A string of recent earthquakes off the West Coast of the U.S., ranging from 2.8 to 5.6 on the Richter scale, could help trigger the earthquake colloquially known as "the Big One."
The map provided by the U.S. Geological Survey highlights 11 recent earthquakes, all occurring on the seabed of the Juan de Fuca tectonic plate, approximately 6 miles below the surface. The plate, which is described as "small" by the Pacific Northwest Seismic Network (PNSN), is fairly active, moving east-northeast at approximately 1.6 inches per year.
To date, the USGS has not issued any warnings over this spate of earthquakes, given the fairly common nature of the caliber of quakes, Don Blakeman, a geophysicist at the National Earthquake Information Center told the Daily Mail.
Part of the concern surrounding the plate is that it is not a smooth motion, but rather a motion described as "sticky," causing strain to build up "until the fault breaks and a few meters of Juan De Fuca slips under North America in a big earthquake."
PNSN noted that it would take a lot of slip (approximately 10s of meters) over a very large area to generate a M9 (magnitude of 9.0) level earthquake that could hit the region, but
noted that it does occur approximately every 550 years on average.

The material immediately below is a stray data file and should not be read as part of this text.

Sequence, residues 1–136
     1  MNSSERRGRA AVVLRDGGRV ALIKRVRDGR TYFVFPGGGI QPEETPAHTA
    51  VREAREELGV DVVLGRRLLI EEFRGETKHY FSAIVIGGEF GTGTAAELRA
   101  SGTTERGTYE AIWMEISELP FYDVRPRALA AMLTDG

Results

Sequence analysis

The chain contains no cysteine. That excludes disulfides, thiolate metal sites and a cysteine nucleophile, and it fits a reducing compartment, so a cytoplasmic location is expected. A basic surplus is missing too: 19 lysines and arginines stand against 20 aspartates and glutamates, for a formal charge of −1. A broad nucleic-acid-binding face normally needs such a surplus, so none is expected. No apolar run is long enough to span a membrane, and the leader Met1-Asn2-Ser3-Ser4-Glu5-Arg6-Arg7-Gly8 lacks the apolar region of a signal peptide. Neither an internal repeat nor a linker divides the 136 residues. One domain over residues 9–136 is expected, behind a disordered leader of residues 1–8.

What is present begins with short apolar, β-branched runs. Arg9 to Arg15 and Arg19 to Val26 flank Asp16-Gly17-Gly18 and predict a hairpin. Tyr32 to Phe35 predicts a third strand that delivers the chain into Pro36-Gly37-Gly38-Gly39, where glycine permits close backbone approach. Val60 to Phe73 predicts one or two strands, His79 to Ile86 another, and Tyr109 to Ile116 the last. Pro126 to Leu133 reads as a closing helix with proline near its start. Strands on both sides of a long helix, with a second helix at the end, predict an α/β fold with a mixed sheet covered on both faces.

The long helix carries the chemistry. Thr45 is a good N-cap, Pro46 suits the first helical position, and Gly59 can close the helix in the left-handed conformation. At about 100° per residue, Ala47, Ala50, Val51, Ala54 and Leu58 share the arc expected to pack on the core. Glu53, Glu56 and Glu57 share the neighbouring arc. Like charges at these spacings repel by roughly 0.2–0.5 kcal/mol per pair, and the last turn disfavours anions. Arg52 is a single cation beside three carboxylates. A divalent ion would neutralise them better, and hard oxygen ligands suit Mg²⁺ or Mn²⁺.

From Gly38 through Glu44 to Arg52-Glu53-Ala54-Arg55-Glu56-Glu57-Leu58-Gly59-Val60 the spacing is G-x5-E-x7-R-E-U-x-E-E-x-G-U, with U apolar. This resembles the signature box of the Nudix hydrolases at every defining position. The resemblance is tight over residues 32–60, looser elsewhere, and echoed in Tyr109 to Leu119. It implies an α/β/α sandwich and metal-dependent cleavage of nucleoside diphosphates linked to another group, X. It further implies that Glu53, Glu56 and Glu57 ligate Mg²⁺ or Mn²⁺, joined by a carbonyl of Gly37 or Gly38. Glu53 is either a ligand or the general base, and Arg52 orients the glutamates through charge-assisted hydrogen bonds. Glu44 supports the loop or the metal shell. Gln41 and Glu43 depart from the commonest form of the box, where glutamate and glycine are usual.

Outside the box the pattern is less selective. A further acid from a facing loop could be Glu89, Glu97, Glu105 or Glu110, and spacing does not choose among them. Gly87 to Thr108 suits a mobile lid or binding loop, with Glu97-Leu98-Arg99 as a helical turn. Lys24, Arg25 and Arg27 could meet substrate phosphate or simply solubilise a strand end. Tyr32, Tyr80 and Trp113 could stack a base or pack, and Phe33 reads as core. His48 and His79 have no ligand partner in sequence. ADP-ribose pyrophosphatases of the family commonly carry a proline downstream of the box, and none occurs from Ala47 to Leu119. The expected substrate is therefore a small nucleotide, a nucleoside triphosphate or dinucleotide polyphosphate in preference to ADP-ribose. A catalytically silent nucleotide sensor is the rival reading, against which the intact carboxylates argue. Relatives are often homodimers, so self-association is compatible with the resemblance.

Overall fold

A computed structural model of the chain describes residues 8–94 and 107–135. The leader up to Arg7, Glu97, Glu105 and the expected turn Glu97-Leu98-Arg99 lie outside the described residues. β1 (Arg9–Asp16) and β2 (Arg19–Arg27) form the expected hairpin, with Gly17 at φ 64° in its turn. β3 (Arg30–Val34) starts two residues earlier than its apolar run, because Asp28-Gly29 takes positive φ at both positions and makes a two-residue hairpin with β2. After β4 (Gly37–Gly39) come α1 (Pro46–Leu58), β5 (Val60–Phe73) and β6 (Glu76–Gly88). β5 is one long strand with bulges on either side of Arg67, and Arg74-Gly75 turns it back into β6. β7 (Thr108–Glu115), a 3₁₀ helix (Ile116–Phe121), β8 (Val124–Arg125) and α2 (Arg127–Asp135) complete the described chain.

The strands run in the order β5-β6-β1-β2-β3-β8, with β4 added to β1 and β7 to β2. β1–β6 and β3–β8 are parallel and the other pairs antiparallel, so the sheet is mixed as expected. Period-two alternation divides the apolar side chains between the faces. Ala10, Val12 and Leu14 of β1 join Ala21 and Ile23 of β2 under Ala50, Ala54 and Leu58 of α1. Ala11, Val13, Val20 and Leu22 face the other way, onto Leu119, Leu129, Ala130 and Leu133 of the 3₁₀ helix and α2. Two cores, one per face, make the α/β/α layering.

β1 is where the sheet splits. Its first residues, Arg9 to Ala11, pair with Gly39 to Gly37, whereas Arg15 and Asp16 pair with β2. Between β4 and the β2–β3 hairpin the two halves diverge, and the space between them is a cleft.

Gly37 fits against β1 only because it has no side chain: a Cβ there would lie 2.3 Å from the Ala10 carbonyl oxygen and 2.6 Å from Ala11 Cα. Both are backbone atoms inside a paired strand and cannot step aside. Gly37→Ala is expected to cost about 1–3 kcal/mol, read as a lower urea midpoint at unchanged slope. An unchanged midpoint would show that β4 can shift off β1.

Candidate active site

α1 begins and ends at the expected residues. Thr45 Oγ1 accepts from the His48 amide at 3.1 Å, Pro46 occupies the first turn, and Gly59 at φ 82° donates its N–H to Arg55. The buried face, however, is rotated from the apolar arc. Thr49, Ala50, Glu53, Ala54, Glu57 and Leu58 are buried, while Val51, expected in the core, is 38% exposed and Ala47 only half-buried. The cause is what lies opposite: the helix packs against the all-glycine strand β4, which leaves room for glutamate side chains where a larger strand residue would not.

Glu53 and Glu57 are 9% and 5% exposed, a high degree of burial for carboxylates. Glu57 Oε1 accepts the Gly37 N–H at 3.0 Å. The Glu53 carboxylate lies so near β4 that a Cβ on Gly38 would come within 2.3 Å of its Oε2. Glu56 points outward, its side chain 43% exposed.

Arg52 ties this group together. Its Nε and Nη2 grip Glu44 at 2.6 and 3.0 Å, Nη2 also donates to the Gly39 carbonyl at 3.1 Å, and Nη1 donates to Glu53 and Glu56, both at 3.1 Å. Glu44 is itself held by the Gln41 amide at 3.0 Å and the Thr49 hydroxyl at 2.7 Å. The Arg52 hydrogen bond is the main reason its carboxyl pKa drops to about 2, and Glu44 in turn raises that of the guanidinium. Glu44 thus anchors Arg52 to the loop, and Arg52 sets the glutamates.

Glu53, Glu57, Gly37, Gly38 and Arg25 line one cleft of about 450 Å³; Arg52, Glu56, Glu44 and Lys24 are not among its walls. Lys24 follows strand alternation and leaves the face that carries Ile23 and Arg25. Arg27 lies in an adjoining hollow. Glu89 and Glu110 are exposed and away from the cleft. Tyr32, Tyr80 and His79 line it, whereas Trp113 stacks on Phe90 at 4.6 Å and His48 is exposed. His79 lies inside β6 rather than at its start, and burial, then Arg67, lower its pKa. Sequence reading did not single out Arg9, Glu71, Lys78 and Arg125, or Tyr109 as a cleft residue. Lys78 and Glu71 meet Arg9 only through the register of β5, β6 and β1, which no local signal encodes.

The cause for concern is what happens when the Juan de Fuca plate eventually submerges under the much larger Pacific plate. For approximately 330 years, the plate has continuously been pushed down, an activity that will eventually lead it to be pushed under the North America plate, causing the region to sink six feet on the minimum and may result in one of the largest earthquakes in human history.
If the entire 650-mile long Cascadia Subduction Zone (which includes the Juan de Fuca plate) were to experience a full rupture, it could not only trigger a 9.0 earthquake, but a tsunami as well.
The Juan De Fuca plate stretches from Northern California to British Columbia and the Cascadia Subduction Zone stretches from N. Vancouver Island to Cape Mendicino, California.
Recent studies have highlighted how vulnerable we are to the proverbial "Big One."
Last month, one study detailed that there is a 15- to 20-mile-long stretch of the San Andreas fault ‒ called the Durmid ladder structure ‒ that could result in an earthquake with a magnitude of 7 or greater.
"This newly identified Durmid ladder structure is a voluminous, right-reverse fault zone that broadens across Durmid Hill around rotating domains of regularly spaced, left- and right-lateral cross faults," a research article on the study reads.
The research put the odds at 75 percent that it would occur in both northern and southern California sometime over the next 30 years.
The "Big One" has been warned about several times before, with the USGS writing extensively on the topic, including how to use past earthquakes to better predict the future.
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